The relationship between market structure, competition and stability in banking has been a policy-relevant but controversial one (see Beck, 2008 for a pre-crisis survey). The current crisis has put the topic back on the front-burner, and particularly so in Europe, where competition concerns about the effect of national bail-out packages on competition across Europe rank high. Together with four other European economists, I have tackled this question in a recent CEPR report: Bailing out the Banks: Reconciling Stability and Competition.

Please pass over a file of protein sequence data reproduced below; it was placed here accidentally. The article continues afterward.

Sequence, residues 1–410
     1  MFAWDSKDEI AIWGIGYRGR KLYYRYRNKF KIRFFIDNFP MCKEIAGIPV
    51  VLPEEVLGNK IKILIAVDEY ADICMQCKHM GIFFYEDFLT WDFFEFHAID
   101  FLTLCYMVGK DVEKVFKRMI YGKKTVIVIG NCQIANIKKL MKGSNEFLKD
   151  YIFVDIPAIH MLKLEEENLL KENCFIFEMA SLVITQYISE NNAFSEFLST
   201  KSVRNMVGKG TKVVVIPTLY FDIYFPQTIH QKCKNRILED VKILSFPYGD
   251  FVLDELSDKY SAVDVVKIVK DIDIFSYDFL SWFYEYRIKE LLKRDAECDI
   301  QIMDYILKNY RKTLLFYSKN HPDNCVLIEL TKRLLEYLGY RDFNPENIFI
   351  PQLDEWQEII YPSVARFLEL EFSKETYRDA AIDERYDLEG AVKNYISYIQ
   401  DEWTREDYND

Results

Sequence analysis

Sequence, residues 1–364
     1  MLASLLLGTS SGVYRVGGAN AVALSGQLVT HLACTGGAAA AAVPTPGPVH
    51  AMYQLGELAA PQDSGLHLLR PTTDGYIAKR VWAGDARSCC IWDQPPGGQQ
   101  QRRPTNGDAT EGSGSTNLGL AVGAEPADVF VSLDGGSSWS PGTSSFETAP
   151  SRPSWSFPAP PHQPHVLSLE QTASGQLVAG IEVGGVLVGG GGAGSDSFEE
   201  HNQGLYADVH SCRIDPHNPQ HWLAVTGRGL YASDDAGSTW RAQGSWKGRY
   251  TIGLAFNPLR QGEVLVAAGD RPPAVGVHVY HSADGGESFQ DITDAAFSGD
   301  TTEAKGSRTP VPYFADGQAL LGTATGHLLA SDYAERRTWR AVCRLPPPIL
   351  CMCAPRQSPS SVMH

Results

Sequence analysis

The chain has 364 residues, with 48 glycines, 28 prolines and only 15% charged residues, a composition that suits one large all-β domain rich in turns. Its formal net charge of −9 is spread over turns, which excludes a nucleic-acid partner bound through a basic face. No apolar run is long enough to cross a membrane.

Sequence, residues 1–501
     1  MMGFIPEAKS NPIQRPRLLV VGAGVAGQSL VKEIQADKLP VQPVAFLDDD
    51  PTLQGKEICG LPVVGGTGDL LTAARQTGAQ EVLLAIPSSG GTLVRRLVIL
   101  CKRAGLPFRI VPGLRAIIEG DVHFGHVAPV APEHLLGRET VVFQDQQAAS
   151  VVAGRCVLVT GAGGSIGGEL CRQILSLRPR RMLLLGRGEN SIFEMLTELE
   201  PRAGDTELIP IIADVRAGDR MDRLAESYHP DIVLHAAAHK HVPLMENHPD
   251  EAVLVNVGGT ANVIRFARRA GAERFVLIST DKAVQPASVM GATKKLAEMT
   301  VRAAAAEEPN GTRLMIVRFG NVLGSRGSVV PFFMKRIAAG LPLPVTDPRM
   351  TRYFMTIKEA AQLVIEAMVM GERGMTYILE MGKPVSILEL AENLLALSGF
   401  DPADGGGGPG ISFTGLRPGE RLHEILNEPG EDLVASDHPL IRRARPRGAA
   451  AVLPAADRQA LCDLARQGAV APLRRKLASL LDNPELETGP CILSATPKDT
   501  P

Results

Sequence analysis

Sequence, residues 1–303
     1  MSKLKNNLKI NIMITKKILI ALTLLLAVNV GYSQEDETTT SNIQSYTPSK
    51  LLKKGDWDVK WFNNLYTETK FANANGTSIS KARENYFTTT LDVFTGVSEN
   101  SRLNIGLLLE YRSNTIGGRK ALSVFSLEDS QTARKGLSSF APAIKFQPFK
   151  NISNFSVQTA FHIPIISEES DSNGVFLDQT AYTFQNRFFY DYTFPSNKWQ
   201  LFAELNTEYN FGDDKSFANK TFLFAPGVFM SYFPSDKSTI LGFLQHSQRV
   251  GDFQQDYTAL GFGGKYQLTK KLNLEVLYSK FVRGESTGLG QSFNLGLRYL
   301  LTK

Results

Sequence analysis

The crisis has provoked two common but quite different reactions concerning the role of competition policy in the banking sector. One reaction has been to jump to the conclusion that financial stability should take priority over all other concerns and that therefore the "business as usual" preoccupations of competition regulators should be put on hold. Another reaction has been to fear that intervention to restore financial stability will lead to massive distortions of competition in the banking sector, and therefore to conclude that competition rules should be applied even more vigorously than usual, with the receipt of State aid being considered presumptive grounds for suspecting the bank in question of anti-competitive behavior. We endorse neither of these points of view.